Achieving Good Dental Health Can Be Easier than You Think

Chip Off The Ol' Tooth? Restorative Options For A Chipped Tooth

Whether your tooth is damaged through an automobile accident, horsing around with family and friends, biting into a hard piece of food, or playing a sport, chipping a tooth is one of the most common dental injuries. In some instances, you may think repairing the tooth is not necessary. However, a chipped tooth can reduce your ability to chew and speak properly. In addition, this minor damage can affect your appearance and self-esteem in big ways. This guide will give you a few options for restoring your smile back to a complete, appealing state.


Dental bonding is one of the easiest and most efficient options for restoring a chipped tooth. It can be completed in your dentist's office without waiting for a lab to fabricate this restoration. Since no anesthetic is necessary, planning or a long recovery is not required after the dentist bonds the damaged tooth.

To begin this restoration, a small amount of resin is colored to match the color of your natural teeth. This ensures the chipped tooth is bonding in a realistic manner. The resin is then applied and molded to the tooth before it is hardened with a special light that bonds the resin material in place.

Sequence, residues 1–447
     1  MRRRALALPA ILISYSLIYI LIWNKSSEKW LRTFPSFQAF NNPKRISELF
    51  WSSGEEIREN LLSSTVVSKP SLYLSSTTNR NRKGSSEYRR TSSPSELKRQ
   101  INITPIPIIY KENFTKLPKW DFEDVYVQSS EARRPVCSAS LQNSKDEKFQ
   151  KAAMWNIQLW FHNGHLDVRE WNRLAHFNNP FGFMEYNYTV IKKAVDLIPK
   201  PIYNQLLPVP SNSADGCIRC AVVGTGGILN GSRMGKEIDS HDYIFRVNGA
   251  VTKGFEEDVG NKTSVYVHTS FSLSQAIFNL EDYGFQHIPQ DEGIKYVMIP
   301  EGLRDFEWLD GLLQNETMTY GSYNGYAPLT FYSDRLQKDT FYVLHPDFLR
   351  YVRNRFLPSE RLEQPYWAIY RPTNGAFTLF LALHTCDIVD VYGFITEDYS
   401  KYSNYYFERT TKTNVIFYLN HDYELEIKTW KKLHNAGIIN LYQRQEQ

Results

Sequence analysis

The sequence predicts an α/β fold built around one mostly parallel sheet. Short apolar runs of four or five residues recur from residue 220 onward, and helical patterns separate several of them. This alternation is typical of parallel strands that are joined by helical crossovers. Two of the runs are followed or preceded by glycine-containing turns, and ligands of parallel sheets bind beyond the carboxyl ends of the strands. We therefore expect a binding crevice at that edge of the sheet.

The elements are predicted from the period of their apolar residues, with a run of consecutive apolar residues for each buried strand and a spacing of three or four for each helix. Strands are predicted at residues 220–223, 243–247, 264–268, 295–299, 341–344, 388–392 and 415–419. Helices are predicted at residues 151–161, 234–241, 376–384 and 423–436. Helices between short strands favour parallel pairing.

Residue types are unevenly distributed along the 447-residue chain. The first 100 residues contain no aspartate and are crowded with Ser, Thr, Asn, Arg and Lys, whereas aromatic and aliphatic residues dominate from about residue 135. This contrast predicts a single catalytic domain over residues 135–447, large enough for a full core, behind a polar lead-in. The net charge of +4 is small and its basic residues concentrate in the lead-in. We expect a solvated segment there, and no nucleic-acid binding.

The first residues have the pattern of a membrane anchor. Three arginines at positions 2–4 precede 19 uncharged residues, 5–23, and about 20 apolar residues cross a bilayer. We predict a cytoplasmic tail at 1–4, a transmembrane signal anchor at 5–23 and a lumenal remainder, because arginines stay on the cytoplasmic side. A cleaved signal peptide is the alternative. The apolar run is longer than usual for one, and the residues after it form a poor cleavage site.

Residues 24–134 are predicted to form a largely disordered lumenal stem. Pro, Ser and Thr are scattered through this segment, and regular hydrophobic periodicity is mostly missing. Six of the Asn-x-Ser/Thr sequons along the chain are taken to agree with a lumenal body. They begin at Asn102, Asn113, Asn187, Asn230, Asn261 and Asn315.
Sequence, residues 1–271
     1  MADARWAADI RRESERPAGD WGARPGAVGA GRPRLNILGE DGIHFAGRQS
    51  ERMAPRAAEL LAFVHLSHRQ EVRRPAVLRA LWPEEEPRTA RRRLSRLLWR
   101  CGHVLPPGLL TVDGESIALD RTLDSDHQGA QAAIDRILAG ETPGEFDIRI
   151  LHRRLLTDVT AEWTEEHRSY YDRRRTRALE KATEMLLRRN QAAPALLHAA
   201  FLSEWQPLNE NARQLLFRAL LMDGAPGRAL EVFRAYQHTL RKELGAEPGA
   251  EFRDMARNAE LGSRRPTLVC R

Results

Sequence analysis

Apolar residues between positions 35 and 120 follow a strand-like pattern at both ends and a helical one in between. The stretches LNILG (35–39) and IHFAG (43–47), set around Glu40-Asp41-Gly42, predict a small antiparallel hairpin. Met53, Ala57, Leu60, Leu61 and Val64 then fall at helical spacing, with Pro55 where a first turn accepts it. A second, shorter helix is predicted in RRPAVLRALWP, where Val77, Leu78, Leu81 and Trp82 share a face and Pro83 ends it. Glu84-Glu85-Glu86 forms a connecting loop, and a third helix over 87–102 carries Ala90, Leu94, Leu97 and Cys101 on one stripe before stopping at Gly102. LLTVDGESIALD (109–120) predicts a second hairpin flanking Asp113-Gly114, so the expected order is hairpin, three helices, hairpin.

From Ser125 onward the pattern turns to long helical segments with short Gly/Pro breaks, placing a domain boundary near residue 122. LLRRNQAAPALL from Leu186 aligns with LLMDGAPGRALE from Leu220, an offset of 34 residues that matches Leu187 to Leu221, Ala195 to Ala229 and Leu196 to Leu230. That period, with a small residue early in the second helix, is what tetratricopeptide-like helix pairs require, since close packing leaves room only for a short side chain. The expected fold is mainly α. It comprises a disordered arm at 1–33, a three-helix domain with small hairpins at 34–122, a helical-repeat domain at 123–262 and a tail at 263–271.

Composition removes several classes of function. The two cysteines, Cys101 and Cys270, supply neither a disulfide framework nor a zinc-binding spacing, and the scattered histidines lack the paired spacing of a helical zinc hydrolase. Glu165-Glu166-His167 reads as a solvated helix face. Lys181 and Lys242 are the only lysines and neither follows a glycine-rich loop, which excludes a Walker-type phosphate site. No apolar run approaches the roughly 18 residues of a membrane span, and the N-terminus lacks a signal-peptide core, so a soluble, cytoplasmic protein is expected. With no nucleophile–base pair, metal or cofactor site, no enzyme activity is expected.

After bonding the resin, your dentist may make a few adjustments. Smoothing and trimming some of the resin material from the tooth may be necessary to create a realistic-looking finished product.

Bonding is one of the easiest restoration options in cosmetic dentistry, but it is not permanent. On average, the resin material will last between three to 10 years.


If you prefer an option that is more permanent, consider a veneer for your chipped tooth. This thin piece of porcelain is affixed to the surface of your teeth.

A few visits to the dentist will be required if you want veneers. During the first appointment, your dentist will take a mold of your tooth, or teeth if you choose to place veneers on multiple teeth, that will be sent to a lab to create the porcelain veneers.

Once the veneers are ready, your dentist will remove a thin layer of enamel from the tooth or teeth. The veneer is then placed on the tooth surface and secured in place with dental grade cement. A UV light is then directed onto the tooth, affixing the porcelain veneer into place.

Because this restoration option is a bit more involved and expensive, most people will install them on more than just the chipped tooth. Veneers can be affixed to all of your teeth, if preferred, restoring the chipped tooth while covering any other imperfections that affect your smile.